Focusing upon management of physical review it is vital that the patient is reviewed on a regular basis, to clearly identify what must be done to preserve and promote what quality of life that they have. It is clearly outlined by (Turner et al., 2013) that MS has one of the highest causes of depression and anxiety. It is outlined by the NMC code that it is a nurse’s role to ensure that their change in health is recognised and to prevent poor practice (NMC, 2015). As depression is presently being illustrated as a ‘trend’. Therefore, it’s important that poor attitude is abolished from that individual’s environment to promote high self-worth and feel of belonging (Turner et al.,2013). Therefore, the role of the nurse here is identified to be educating those whom are not fully aware of what depression is and if it is in relation to a family member of older generation, explain why their loved one is experiencing a depressive state. Furthermore, the role of the nurse in this specific element is to prevent any further harm and provide an extension of communication, in other words refer the individual to expert help. This can be done through phycological referral such as recruiting the likes of ‘Phsyic’ which is the mental health practitioners to the MDT (NMC,2018). These specialised individuals are experienced within the emotional and phycological process and therefore understands a positive approach to the condition. These positive approaches can be shared with the nursing staff expanding and developing their practice. As stated by the (NMC,2015) all health professionals should share information and skills to integrate health care.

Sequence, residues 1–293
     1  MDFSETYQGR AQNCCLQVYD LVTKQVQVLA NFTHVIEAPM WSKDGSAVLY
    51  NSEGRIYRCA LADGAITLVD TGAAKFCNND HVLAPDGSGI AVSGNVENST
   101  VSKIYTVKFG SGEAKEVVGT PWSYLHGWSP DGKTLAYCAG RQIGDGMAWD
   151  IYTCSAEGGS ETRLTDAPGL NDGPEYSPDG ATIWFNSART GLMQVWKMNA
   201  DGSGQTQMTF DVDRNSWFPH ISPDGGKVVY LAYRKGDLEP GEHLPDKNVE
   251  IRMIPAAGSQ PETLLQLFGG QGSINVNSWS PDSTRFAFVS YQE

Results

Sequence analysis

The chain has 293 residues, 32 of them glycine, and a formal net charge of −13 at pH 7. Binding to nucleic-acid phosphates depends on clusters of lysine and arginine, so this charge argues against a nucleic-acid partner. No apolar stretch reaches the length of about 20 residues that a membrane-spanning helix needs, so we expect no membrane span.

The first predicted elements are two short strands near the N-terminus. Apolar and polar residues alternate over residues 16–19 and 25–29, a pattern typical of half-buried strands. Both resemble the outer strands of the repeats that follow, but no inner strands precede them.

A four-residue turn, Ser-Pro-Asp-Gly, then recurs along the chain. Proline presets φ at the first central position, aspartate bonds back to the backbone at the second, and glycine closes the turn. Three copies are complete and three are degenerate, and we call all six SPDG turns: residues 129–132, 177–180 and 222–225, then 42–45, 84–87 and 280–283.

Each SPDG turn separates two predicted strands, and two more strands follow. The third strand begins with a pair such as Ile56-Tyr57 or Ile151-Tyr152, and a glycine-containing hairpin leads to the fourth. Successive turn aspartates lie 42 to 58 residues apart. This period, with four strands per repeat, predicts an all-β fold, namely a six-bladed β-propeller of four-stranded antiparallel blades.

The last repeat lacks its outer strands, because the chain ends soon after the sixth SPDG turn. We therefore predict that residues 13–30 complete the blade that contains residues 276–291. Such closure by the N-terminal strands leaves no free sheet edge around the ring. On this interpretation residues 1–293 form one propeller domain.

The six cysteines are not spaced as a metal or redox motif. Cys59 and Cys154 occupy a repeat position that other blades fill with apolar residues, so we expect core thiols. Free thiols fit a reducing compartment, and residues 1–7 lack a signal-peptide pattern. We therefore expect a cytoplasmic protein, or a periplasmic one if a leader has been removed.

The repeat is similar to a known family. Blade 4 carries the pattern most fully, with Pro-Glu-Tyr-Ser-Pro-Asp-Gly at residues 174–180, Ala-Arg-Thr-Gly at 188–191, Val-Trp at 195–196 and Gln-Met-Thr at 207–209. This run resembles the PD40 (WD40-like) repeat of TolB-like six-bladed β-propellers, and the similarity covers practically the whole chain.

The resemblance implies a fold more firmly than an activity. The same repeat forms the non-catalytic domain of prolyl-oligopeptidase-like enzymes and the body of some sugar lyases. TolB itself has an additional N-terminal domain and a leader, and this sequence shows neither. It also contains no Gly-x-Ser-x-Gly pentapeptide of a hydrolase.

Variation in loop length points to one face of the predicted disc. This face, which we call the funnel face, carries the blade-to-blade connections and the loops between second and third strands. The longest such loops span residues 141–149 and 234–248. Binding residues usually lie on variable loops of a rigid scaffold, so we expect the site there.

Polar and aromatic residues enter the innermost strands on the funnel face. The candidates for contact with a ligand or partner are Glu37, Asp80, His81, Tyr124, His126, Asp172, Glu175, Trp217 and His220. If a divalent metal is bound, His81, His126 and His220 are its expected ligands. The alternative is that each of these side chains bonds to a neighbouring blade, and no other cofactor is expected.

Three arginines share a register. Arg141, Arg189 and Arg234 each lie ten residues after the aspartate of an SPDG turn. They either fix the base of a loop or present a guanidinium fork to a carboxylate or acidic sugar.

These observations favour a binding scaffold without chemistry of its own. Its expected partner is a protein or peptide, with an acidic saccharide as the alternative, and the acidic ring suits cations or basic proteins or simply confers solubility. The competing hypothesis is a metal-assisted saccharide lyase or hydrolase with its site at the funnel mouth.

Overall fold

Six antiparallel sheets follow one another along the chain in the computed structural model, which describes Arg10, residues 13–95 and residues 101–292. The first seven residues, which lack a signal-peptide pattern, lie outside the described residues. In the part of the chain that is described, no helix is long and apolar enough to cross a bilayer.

In relation to depression (Turner et al., 2013) evidences that MS individuals tend to have their physical capability impacted by depression. Therefore, patients tend to give up with physical activity and become withdrawn from social interaction. At this stage it is the nurses key role not only to review and recognise deterioration within a patient but to be a support system and forward planner.

Planning the journey and making crucial changes to a plan is also necessarily a massive key role in holistic nursing. As MS is a relapsing condition, deterioration and progression can differentiate in great measures (Gold et al., 2014). As previously discussed prior to this section, MS can be undetected for a long-period of time, which can make it harder to baseline what that individual’s healthy anatomy and physical ability was (Gold et al., 2014). A baseline in health care is created to aid the MDT in their recordings and monitoring of the modern-day patient. The nurse must record their findings in order to achieve the best outcome and communicate with the other members of the MDT looking after that patient. The nurse must ensure that they record any new findings and report on the general health of the individual in care. This means that the nurse must ensure that the care plan is regularly updated, and entries are accurately recorded as stated by the NMC Code (NMC, 2015). Additionally, all care plans are accessible to all MDT members the data must be communicated clearly between each party, however data must be maintained as private and not be shared with individuals whom are not within that specific MDT. Therefore, another role of the nurse is to ensure data is securely kept private (NMC,2015).